This week I was able to participate in a dialogue with a unique group of Russian leaders to share perspectives related to ongoing dialogue around the post-2015 development agenda. This session was scheduled as part of the Annual Meeting of the United Nations Foundation Board, hosted this year in Russia by Board Member Igor Ivanov. The Board met with a group of distinguished leaders to discuss how the international development agenda is evolving, and identified a number of unique ways for participation and innovation to help combat global poverty.
This session was one of many consultations that have taken place since the May 30, 2013 release of the report of the Secretary-General’s High-Level Panel of Eminent Persons, which included input and support from Russian eminent economist and chair of the Russian Central Bank, Elvira Nabiullina; UN Foundation Board members Her Majesty Queen Rania Al Abdullah of Jordan and Graça Machel (Emeritus) of Mozambique; and 23 other global leaders.
The UN Foundation Board engaged in discussion with and elicited comments from Russian leaders including Vassily Nebenzia, Deputy Foreign Minister of the Russia Federation; Aleksei Kvassov, G8 Sherpa, G20 Sous-Sherpa and Alternate Member of the Secretary-General’s High-Level Panel; and Evgeny Shvarts, Director of Conservation Policy of the World Wildlife Fund-Russia. Alexandre Gorelik, Director of the UN Information Centre (UNIC) in Moscow, moderated the exchange on behalf of the UN Country Team.
Mr. Kvassov highlighted the High-Level Panel’s priority of ending extreme poverty by 2030 and the five “transformative shifts” identified in their report as ways to organize the post-2015 discussion going forward. He endorsed the Panel’s appropriate inclusion of the peace and security agenda, emphasizing it can no longer be treated as separate from other global development priorities.
Mr. Shvarts focused his remarks on good governance issues in the Russian context and said that, when the next global development agenda is launched, the process will have to be closely monitored, including by the expert community and civil society.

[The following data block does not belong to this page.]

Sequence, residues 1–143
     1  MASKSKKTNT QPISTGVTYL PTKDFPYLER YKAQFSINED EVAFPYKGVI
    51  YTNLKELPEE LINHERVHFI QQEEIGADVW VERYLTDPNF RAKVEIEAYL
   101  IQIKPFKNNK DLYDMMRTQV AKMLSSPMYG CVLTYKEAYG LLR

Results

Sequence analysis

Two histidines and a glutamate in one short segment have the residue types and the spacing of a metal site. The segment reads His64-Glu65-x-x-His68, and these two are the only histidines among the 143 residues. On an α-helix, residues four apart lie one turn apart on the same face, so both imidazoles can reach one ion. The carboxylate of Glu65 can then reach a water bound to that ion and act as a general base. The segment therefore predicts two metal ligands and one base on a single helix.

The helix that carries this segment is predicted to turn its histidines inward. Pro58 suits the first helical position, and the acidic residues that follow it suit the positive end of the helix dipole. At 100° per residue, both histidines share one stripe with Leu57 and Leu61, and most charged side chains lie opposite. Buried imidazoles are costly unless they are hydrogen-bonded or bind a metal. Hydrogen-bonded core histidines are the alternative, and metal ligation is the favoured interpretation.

Mr. Gorelik added that the post-2015 agenda will need to incorporate sustainable development goals, climate change negotiations, improved sharing of technology, and a strategy for financing sustainable development, and noted Russia’s key role in these areas.
UN Foundation participants underscored the important lessons Russia can bring to the post-2015 discussion, as it transitions from being a recipient and re-emerges as a donor country, and noted that Russia has an important leadership role to play on the climate change front.
This meeting was a powerful reminder to me and my colleagues of the value of public dialogue and consultation as the post-2015 discussions move forward. It reinforced some global themes that have been expressed since the release of the High-Level Panel from many countries around the world but also highlighted the unique experiences that each society has to offer as part of these discussions. The local context is a valuable part of the worldwide conversation. I learned a great deal from these comments and look forward to how they, together with the many other conversations taking place around the world today, will help build a constructive partnership to help end poverty and create a better world.